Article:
"Maybe I’m just a huge geek, but I found this vertigo-inducing aerial panorama of the world’s highest waterfall, Angel Falls, and nearby Dragon and Cortina Falls in Venezuela to be pretty incredible. This takes a few steps, but trust me it’s worth it. Head on over to AirPano and if you’re on a nice fast internet connection (or have a moment to wait) click the “High Resolution” viewer. You can turn off the music down on the bottom, click full-screen on top and then use the thumbnails on the right to switch views. Then click and drag anywhere on the screen to explore 360°. Unless you plan on traveling to Venezuela, renting a helicopter from a gold mine and flying perilously close to the 3,200 foot (979 meter) falls while dangling upside down from said helicopter, this is the next best thing. Angel Falls is so tall that the water never reaches the bottom, instead the flow turns into a dense fog during its half mile flight."
by Chris Schmid
Iguazu Falls, Iguazu_Falls, Iguassu Falls, or Iguaçu Falls (Portuguese: Cataratas do Iguaçu [kataˈɾatɐz du iɡwaˈsu]; Spanish: Cataratas del Iguazú [kataˈɾatas ðel iɣwaˈsu]; Guarani: Chororo Yguasu [ɕoɾoɾo ɨɣʷasu]) are waterfalls of the Iguazu River located on the border of the Brazilian State of Paraná and the Argentine Province of Misiones. The falls divide the river into the upper and lower Iguazu. The Iguazu River originates near the city of Curitiba. It flows through Brazil for most of its course. Below its confluence with the San Antonio River, the Iguazu River forms the boundary between Brazil and Argentina.
Waterfall, Moonbow, and Aurora from Iceland
Image Credit & Copyright: Stephane Vetter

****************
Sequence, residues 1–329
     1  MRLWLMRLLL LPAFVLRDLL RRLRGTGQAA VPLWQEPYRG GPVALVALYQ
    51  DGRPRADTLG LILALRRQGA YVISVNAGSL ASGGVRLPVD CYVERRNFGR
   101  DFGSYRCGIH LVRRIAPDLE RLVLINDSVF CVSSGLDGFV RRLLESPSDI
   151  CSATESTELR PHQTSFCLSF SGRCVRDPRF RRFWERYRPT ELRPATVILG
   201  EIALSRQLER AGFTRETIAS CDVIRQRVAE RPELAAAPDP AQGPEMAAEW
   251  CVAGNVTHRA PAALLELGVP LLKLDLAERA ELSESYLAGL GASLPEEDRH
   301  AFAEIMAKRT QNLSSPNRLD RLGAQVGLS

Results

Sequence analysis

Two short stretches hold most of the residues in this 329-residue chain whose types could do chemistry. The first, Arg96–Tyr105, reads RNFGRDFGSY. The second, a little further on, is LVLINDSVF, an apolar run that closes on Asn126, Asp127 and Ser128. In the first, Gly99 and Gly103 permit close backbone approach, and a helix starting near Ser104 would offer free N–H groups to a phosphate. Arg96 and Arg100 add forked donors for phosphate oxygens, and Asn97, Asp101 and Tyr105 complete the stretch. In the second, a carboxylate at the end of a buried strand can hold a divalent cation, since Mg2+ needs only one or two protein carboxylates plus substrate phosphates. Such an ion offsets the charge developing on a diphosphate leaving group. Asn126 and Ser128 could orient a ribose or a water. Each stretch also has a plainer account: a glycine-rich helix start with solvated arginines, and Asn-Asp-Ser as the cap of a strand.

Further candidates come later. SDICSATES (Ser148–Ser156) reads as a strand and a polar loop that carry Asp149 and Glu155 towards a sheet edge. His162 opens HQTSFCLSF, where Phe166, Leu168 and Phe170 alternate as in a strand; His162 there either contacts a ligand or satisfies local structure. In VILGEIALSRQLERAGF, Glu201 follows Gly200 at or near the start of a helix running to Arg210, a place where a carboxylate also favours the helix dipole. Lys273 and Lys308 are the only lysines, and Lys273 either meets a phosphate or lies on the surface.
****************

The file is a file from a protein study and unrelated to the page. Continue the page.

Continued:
"The longer you look at this image, the more you see. Perhaps your eye is first drawn to the picturesque waterfall called Skogarfoss visible on the image right. Just as prevalent, however, in this Icelandic visual extravaganza, is the colorful arc of light on the left. This chromatic bow is not a rainbow, since the water drops did not originate in rainfall nor are they reflecting light from the Sun. Rather, the drops have drifted off from the waterfall and are now illuminated by the nearly full Moon. High above are the faint green streaks of aurora. The scene, captured one night last month, also shows a beautiful starscape far in the background, including the Big Dipper, part of the constellation of the Great Bear (Ursa Major)."
by Carl Crumley
"It seems that there's only one waterfall in the world with a flame burning beneath it. This is the Eternal Flame Waterfall, on Shale Creek, in Chestnut Ridge Park, near Buffalo, New York. A pocket of natural methane gas in an alcove below the waterfall seeps out through a fracture in the rocks."
Photo: Forest Wander Photography
"Located in Blackwater Falls State Park in West Virginia, the Elakala Falls are a series of four waterfalls that have been havens for nature lovers and photographers alike. The first image and third is of the top waterfall, 35 feet high and easily accessible, while the others are less so given the lack of trails to the lower falls. The second falls shown here is only 15 feet high but that doesn't take away from its beauty." Written by Michele Collet
by Ray Boren
The multiple cascades of Iguazu Falls, one of the most spectacular and intricate waterfalls in the world, slip off a basalt escarpment on the Iguazu River, along a border shared by Argentina and Brazil. In part because of the international boundary, the natural wonder is spelled and pronounced in varied ways: To the area’s native Guarani Indians this is Yguasu, which has been translated to mean, appropriately enough, “big water.” In the Spanish of Argentina (and nearby Paraguay, to which this territory once belonged), these are the Cataratas del Iguazú. In Brazilian Portugese, they are the Cataratas do Iguaçu. It's also spelled "Iguassu."
Iguazu’s cascades stretch along a subtropical ridge for about 1.7 miles (2.7 kilometers), most thunderously at a cleft called the Devil’s Throat. The falls in places are 260 feet (80 m) high and are broken into an estimated 275 streams. This splintering gives them a fantasy-film appearance that contrasts with the long curtains of water surging off Africa’s Victoria Falls and North America’s Niagara Falls, to which Iguazu is often compared.